When she talks to Anton in her father's shop, Patty privately thinks that Anton is too nice to be a Nazi.
She also finds herself thinking Anton is a very handsome man. As they laugh and converse, Patty comes to the private conclusion that Anton isn't an evil man, even though he's of German heritage. In their conversation, Anton tells Patty his father is a professor at the University of Gottingen and that he used to write prolifically. Now that the war is here, no one is allowed to write freely in Germany. Anton confides that he used to be a medical student and that he was a private in the German Army at the time of his capture.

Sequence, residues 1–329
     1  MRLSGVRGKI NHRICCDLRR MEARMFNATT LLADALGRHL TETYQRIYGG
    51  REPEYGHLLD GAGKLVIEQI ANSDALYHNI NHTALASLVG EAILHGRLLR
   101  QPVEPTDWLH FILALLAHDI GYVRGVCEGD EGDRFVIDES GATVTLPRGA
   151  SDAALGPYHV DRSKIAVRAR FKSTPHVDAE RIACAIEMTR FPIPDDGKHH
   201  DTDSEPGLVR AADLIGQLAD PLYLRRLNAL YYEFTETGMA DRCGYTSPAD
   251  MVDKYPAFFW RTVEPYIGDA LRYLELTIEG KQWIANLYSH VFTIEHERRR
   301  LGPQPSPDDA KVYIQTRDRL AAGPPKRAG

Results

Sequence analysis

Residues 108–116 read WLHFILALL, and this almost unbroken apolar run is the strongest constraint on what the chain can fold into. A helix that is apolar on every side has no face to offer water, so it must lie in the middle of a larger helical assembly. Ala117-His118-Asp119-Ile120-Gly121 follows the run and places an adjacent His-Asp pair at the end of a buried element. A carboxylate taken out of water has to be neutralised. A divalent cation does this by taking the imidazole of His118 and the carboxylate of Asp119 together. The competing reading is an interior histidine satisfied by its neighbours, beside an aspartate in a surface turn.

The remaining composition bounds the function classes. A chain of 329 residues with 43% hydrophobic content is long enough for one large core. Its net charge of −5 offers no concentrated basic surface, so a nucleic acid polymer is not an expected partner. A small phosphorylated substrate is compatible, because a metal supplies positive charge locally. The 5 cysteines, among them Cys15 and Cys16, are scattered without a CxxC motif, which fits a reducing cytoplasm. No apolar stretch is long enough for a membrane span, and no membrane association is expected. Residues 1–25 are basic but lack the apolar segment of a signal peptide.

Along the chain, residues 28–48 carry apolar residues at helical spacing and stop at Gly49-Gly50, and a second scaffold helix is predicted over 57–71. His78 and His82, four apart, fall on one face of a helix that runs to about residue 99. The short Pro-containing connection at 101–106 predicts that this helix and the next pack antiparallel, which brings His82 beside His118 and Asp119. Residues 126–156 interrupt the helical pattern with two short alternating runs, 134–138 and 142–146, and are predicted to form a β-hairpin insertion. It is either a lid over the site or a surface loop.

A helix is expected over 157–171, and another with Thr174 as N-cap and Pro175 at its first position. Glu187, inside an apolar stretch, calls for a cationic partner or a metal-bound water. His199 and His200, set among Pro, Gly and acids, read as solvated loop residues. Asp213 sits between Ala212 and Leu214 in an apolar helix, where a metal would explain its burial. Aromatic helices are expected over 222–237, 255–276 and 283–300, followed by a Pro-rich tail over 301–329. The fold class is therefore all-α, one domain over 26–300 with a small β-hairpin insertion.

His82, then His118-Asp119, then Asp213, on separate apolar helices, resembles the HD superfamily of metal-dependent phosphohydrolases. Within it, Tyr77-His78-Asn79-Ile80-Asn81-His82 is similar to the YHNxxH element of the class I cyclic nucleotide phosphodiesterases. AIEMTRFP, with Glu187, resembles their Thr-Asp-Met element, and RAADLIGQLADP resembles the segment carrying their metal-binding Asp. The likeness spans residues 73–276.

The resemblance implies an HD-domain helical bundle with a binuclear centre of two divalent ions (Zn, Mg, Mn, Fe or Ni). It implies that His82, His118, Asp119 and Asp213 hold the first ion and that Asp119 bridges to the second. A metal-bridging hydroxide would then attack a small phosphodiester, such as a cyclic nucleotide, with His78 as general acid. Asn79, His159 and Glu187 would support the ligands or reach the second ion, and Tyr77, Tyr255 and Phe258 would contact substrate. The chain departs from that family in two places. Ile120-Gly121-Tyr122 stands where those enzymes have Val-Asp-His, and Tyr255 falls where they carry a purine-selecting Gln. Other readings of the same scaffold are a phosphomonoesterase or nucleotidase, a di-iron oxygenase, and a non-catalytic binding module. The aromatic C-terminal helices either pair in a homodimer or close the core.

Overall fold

Patty and Anton greatly enjoy their conversation, and when he leaves to go, she privately prays Anton can become her friend. If her prayer is not answered, Patty hopes Anton can get back to his country safely and fulfill his dream of becoming a doctor. In short, Patty thinks Anton is a good-looking and personable young man.